LMGI: The Next Generation

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They’re young, smart and enthusiastic about what they do. LMGI assistant location manager Paul Messana, a Millennial himself, talks with the next generation of location professionals on the rise.  

by Paul Messana

Profile on: Evan Chan, LMGI

Age: 32

Home base: Vancouver, BC

Position: Location Scout

Union: Directors Guild Canada

Photos courtesy of Evan Chan/LMGI

 

Paul Messana:

Where are you from and how did you get started in locations?

Evan Chan:

I was born in Vancouver, BC, and I started in locations as a production assistant doing day calls.

PM: What did you do in school and what did you study?

EC: I studied film production. I attended film camps at the Gulf Island Film & Television School during a couple summers while I was still in high school, and went on to study film in college after I graduated. Film was something I was always interested in. I remember watching documentaries on how movies were made when I was little.

PM: How long have you been working in locations and what do you primarily work on?

EC: I’ve been working in the location department since 2005. At the time, I was still going to college for film studies, so I was only able to work during the summers. After completing my studies, I started working more as a prep production assistant, helping with logistics, readying locations for filming. Eventually, I was trained as a location scout by location manager David Fullerton, and have been working as a scout pretty much full time since 2014. I mainly work in television. My recent credits include the TV series Wayward Pines, The Whispers, Fear the Walking Dead, The Magicians and Legion. Currently, I’m working on season three of Van Helsing with the same team from season one of Fear the Walking Dead. We’ve developed a good shorthand that comes from working together.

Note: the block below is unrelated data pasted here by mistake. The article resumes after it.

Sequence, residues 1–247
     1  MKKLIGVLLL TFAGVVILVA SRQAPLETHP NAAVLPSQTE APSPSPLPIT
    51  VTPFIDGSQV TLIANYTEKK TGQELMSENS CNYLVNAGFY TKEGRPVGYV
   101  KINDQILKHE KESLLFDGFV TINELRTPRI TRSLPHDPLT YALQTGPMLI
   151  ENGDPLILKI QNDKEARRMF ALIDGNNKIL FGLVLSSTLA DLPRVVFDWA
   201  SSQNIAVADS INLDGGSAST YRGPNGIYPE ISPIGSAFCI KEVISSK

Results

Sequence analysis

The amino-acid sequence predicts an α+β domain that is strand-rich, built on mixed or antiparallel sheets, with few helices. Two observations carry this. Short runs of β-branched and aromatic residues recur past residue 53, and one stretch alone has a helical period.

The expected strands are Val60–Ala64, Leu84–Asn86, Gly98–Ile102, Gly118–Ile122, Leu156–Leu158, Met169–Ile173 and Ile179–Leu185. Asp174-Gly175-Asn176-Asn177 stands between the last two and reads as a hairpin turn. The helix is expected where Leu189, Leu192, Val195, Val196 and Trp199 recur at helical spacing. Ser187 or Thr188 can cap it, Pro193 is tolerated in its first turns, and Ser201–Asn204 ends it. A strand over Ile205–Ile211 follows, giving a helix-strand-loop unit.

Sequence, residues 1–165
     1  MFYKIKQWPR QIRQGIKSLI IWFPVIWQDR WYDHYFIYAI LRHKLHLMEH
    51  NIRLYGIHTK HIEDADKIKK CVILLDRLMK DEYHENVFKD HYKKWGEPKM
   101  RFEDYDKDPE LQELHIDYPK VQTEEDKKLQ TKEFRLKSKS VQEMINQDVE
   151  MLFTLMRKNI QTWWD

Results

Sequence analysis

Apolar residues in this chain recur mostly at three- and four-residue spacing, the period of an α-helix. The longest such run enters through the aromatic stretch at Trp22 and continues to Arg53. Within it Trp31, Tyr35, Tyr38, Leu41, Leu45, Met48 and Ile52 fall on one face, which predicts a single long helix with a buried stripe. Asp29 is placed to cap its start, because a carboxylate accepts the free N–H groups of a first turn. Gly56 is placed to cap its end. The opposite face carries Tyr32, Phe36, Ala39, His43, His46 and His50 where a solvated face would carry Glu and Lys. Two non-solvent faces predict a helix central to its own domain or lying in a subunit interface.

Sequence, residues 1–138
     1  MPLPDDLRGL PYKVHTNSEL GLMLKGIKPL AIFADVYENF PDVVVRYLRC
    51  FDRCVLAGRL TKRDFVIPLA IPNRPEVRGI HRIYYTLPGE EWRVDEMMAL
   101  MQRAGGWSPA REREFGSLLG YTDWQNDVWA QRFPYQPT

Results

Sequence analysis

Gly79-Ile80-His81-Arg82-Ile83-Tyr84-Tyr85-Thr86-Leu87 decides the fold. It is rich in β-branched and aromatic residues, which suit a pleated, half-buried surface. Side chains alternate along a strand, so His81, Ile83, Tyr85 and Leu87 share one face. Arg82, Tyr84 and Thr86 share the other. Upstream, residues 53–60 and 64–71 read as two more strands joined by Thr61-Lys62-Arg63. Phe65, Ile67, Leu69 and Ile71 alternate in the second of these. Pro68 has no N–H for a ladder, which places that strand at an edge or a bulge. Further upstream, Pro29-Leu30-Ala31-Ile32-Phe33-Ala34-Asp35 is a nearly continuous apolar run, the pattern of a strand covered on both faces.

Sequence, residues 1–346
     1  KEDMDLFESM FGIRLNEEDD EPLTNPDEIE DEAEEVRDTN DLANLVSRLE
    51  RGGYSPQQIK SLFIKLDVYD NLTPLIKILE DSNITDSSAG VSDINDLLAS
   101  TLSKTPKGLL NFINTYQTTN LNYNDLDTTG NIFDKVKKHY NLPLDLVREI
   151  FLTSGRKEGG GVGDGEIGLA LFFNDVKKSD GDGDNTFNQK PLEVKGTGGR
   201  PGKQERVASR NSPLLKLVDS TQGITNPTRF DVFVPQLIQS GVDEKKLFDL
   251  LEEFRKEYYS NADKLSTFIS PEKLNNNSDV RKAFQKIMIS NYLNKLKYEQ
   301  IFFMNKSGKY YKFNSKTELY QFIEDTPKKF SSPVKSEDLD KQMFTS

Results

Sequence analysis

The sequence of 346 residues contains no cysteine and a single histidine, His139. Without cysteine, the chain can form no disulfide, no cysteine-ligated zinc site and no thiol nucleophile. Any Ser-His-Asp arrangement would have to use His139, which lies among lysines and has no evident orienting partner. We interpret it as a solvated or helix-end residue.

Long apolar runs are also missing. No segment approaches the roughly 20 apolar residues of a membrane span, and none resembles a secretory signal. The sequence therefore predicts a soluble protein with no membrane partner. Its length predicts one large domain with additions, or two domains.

PM: Was there a particular scouting moment that made you think about this field as a long-term career worth pursuing? Are there particular people or productions that inspired you to take this current career path? 

EC: I remember when I was working as a production assistant, I wanted to be a scout. However, it can be difficult to break into, since traditionally, scouts here have been around the industry longer and have more experience. For a while, I had people telling me I was the youngest scout they had ever met. As soon as I started scouting locations, I quickly realized that you have a creative hand in the production. It was immediately clear to me that this was something I wanted to do long term. I just had to keep pursuing it to make it a full-time career.

While there wasn’t anyone specifically that inspired me to pursue this career field, I greatly appreciate all the location managers who have taken the time to show me the ropes. Scouting is one of those jobs where once you realize your job is to be creative while meeting new people on a daily basis, it encourages you to keep going. When I started, there was no LMGI, so location professionals were not well known outside of their immediate small circle. There wasn’t a LMGI Compass magazine for me to read about other location professionals’ careers. I think it’s great that the LMGI promotes what we do. I always find it interesting to read about scouts and managers who have been around for a while. I think location scout Lori Balton, LMGI set the bar pretty high so it would be cool if I could achieve some of the things she has done.

PM: What have you found to be the most enjoyable part of your job?